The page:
We have a problem. Most of us are using old leadership techniques that no longer work.
Here’s a case in point. I met Cyrus a few years back. He was a manager who insisted on being involved in every decision that concerned his department. He was still living in the old world, where one person could keep up with all the decisions concerning their department. Not surprisingly, he received horrible performance ratings and burnt out quickly.
Leadership Rules for our Networked World
Today, in our flattened, hyper-paced world, leadership is no longer about commanding staff and controlling work. Instead, leaders are called upon to influence people who don’t report to them, direct higher-ranking employees, and gain commitment from people with little interest in their vision.
We need networks to be successful. But don’t make one of these notorious networking mistakes.
Have you ever had the feeling that you’re not networking correctly? You might be making one of these notorious networking mistakes. They’re some of the most common ways people undermine themselves while networking:
Read on to see if you’re making these mistakes and, if you are, how you can correct them.
For more, visit this article, which was just posted on Inc.com!
If you’re the black hole in your department, consider how to leverage your network to get out of your way and get more done.
Managers are responsible for product delivery, project implementation, new ideas, and service improvement. But all too often, things don’t go as planned. If you’re in this situation, you might gain feedback like this:
- You’re not performing up to expectations
- You need to do better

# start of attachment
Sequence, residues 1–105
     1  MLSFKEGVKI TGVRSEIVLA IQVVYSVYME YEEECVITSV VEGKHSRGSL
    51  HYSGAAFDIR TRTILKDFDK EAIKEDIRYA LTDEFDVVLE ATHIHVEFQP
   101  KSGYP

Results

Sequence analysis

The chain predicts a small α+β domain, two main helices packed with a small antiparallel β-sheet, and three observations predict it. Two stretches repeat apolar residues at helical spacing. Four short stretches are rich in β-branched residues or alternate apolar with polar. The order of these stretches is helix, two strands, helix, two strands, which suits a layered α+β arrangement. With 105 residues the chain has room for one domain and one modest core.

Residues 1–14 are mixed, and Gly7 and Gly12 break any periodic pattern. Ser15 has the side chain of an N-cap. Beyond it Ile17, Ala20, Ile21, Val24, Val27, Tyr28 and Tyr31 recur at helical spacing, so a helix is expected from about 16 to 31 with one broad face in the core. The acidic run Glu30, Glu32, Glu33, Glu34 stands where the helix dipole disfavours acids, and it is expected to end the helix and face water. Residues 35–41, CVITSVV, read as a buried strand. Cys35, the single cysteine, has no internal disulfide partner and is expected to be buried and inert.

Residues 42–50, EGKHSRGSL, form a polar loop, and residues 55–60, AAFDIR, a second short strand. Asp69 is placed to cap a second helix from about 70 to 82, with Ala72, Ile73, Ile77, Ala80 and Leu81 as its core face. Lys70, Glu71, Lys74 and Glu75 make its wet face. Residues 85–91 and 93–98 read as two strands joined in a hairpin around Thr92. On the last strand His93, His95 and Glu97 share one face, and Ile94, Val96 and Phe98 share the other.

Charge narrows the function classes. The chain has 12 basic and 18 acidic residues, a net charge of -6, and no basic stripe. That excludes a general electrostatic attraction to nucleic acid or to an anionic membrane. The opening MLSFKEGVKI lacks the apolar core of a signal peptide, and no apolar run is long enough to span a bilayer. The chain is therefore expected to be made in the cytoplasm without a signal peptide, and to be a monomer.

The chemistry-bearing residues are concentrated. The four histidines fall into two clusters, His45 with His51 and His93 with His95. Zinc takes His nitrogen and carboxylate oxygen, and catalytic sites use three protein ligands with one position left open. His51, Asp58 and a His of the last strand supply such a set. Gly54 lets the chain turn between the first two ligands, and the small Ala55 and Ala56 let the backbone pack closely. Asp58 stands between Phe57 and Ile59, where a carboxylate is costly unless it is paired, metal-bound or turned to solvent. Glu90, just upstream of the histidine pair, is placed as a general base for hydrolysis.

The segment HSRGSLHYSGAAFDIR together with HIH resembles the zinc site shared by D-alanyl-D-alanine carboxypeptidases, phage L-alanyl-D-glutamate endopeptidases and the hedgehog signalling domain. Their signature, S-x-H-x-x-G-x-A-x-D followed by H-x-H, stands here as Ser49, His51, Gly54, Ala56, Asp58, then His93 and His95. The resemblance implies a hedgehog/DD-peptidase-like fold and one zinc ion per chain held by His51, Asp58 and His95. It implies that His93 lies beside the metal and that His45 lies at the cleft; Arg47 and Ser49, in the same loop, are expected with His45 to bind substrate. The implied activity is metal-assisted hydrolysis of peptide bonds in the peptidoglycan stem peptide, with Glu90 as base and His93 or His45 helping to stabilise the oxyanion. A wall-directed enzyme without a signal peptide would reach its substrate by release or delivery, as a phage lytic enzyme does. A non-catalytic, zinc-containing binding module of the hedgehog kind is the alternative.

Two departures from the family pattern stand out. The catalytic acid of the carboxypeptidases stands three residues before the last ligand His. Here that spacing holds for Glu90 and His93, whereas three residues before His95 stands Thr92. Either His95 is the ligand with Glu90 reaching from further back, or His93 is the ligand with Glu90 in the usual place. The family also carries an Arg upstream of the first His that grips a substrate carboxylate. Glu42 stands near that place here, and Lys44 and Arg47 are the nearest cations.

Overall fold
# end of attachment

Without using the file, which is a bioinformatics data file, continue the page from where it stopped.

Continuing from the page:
- Brush up on your time management
- Your staff lacks skills and knowledge
- Your department is under-resourced
You may have worked on this feedback without satisfying results.
What do you do? Consider this: You might be getting in your own way.
The technology vice president of a local financial services company was frustrated. A bottom-line strategy depended on the success of a recent reorganization. Unfortunately, the reorganization was not generating the expected results. In fact, people were behaving just as usual, despite new reporting relationships and a redesigned divisional structure.
This situation is more often the case than not: leaders design and institute strategies that fail to achieve results. According to a 2006 McKinsey survey, only 38 percent of change initiatives were completely or mostly successful at improving performance.
In other words, even when strategies are successful, they don’t come close to returning intended results.
Despair that you’ll never be gregarious or outgoing enough to succeed at networking? Never fear, introverts. Here are 3 strategies for making connections using your own unique gifts.
I am an introvert. My consulting business blooms or withers largely on the basis of my networking prowess. Fifteen years ago, this painful dichotomy kept me up at night.
I signed up for a networking event in Washington, D.C., and the anticipation proved nearly as damaging as the networking itself: What was I going to talk about? How would I start conversations with complete strangers? What if everyone ignored me? By the time the event date arrived, I was a basket case.